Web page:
Feb 24, 2011, 12:34 AM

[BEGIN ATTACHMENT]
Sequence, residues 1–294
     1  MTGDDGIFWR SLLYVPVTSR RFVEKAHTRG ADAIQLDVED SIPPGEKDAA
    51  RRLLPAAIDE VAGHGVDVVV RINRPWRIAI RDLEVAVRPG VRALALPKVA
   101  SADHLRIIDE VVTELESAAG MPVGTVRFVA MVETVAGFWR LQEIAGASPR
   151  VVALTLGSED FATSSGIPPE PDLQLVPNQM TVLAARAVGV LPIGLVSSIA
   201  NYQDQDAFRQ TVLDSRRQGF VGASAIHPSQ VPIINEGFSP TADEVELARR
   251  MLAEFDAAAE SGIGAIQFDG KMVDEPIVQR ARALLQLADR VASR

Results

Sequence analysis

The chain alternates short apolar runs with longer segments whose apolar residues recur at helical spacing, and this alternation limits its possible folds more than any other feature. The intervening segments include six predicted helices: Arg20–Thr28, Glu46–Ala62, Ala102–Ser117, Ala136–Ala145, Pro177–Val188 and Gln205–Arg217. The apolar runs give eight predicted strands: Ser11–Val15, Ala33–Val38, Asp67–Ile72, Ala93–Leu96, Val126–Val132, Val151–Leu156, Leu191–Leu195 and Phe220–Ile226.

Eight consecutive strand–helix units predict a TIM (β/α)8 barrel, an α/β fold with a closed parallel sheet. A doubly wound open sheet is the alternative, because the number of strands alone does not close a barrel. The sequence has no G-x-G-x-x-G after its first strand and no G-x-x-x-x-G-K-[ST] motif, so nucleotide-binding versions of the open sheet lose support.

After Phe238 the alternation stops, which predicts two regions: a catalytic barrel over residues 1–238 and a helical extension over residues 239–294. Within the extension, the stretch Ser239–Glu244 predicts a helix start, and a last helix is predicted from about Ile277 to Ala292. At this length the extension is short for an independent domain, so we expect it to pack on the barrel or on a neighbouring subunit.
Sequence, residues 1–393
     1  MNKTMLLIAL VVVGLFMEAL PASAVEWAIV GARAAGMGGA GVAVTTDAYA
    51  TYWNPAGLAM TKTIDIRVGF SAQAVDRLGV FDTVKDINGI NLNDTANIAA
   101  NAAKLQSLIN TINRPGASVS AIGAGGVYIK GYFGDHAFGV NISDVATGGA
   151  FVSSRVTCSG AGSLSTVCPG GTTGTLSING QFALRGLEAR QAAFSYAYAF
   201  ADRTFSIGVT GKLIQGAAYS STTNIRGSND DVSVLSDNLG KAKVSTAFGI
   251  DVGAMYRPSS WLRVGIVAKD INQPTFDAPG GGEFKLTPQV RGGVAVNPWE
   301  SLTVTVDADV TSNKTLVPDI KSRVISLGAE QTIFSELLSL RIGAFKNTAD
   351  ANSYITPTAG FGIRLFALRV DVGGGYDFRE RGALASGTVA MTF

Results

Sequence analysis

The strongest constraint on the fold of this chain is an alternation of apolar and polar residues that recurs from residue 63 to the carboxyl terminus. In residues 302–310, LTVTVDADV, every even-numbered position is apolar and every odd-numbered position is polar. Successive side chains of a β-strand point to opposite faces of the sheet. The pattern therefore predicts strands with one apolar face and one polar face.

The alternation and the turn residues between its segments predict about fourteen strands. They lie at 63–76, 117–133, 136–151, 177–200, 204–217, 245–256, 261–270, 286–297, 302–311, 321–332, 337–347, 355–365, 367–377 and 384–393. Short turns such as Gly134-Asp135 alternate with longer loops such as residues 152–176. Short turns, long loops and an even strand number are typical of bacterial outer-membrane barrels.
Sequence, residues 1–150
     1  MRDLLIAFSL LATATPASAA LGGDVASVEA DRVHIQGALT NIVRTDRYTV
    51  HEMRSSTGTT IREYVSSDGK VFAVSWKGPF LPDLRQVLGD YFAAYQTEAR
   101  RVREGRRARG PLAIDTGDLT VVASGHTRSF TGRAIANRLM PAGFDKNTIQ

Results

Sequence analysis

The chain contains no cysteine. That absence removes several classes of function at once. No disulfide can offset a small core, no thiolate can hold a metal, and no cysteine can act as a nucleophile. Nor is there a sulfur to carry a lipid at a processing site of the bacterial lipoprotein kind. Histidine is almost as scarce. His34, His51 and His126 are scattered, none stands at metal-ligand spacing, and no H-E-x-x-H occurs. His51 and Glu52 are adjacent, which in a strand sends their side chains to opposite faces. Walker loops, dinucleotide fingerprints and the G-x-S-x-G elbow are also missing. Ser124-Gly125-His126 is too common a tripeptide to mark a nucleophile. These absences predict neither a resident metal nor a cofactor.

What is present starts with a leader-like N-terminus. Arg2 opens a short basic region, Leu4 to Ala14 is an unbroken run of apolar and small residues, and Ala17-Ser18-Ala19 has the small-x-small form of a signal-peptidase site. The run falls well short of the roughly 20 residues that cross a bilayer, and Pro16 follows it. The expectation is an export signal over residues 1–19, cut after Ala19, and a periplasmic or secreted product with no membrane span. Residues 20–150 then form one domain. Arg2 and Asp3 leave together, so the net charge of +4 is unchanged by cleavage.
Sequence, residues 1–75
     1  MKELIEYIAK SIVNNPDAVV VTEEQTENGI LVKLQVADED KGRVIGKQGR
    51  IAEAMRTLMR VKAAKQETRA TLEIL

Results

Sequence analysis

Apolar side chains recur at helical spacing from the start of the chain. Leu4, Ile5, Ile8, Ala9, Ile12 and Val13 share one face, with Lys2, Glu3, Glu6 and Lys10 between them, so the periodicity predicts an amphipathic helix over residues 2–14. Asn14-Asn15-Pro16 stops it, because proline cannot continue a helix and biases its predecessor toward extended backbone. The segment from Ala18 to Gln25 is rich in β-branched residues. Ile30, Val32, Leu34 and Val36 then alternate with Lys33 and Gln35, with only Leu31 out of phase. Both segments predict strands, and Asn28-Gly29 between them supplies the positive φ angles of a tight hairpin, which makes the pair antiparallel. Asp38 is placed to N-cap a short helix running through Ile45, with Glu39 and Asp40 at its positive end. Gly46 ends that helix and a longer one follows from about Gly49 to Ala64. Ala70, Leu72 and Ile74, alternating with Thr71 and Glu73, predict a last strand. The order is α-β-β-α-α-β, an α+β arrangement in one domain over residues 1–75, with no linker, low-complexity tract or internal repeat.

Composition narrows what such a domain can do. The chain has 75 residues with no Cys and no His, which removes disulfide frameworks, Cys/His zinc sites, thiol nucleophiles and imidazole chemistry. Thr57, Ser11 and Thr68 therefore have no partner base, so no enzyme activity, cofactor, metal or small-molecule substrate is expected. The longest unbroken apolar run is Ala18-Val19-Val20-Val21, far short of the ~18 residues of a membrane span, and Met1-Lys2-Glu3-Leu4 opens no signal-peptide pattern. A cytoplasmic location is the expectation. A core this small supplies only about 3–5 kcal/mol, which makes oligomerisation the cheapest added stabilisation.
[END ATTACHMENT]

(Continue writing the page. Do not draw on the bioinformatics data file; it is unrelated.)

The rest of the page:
Ah, spring. It’s in the air. Everywhere you look, you can see signs that winter is in full retreat. Down coats and scarves are being packed up in boxes all across the country. Vibrant yellow and blue flowers have begun to dot the once barren flower beds of the Orgwide office. Why, just yesterday, I swear a wobbly-legged baby deer, newborn skunk, and freshly-hatched bluebird assembled in my front yard for an impromptu vocal jam session as other woodland critters gathered ‘round to watch. Maybe that’s a bit of a stretch, but you get the point I’m trying to make. The season of rebirth is upon us! And this whole “rebirth” concept doesn’t just apply to Mother Nature. All indications are that in addition to the budding cherry blossoms and increased pollen count JOB HIRING is right around the corner too! That is great news for the many who have endured the “jobless recovery” thus far. But, for those of you responsible for hiring and/or training new team members – are you ready? With the extended period of down-sizing and hiring freezes, what does your new hire training and orientation look like? What date is on the materials? Does it reflect the latest thinking for your business? Are there references to “old school” thinking? Does it make a good first impression on your new team members? “Why the rush?” you may be wondering. You need to be prepared to make a good first impression from the moment a new hire accepts a position with your organization. The first few weeks in a new hire’s career are absolutely critical to their success. During this period, new hires are not unlike the aforementioned wobbly-legged deer. You must be prepared to guide them towards success immediately (allowing them to do their own stumbling from time to time, of course). The importance of these first few weeks cannot be overstated. In addition to the obvious goal of equipping your new hires with the skills to successfully carry out their daily tasks, this is also the time that you can truly “engage” them. “Engaged” employees, as defined by the American Society for Training & Development (ASTD), are “mentally and emotionally invested in their work and in contributing to their employer’s success.” ASTD found the idea of employee engagement so important that they conducted a formal study entitled The ASTD-Dale Carnegie Training-i4cp Learning and Employment Engagement Study (the study). Among the many insights revealed by the study, perhaps the most salient to the topic at hand goes a little something like this: “General learning practices that were found to have a positive effect on engagement included fostering a learning culture, improving onboarding and orientation practices, designing learning with engagement in mind, and linking learning and performance management.” When is an employee’s willingness to learn and become engaged at its highest? When they’re first hired, of course! The term “zeal of a convert” comes to mind. Perhaps “zeal of a new hire” could be just as appropriate. New hires are a clean slate. They’re sponges, eager to soak up all of the information thrown their way. Unfortunately, many organizations fail to capitalize on this valuable stage of a new hire’s development and provide stale, ineffective orientation and training. What a pity! So, hiring managers and trainers, this is your time to shine! “How?” you ask. You can start by dusting off your existing training materials. Are your current learning and development practices as effective as they possibly can be? Training that is fortified with scientifically-proven instructional design principles ensures that you minimize the unproductive time your new team members experience during their early days and starts them out with a strong, positive, and connected experience as they acclimate to their new job and your company. Do a little spring cleaning of your current training. Whether you decide to simply spice up your existing training manuals and binders with solid instructional design principles and then digitize them for easy access, or perform an entire training overhaul, Orgwide is here to help—just give us a call or drop us an email! Until next time, remember to take care of the customer, take care of each other, and take care of yourself! To read more about ASTD’s Employee Engagement Study, click here: http://www.astd.org/NR/rdonlyres/AD2B2677-CC9D-4762-8683-C455826925AD/0/Engagement_ExecSumm.pdf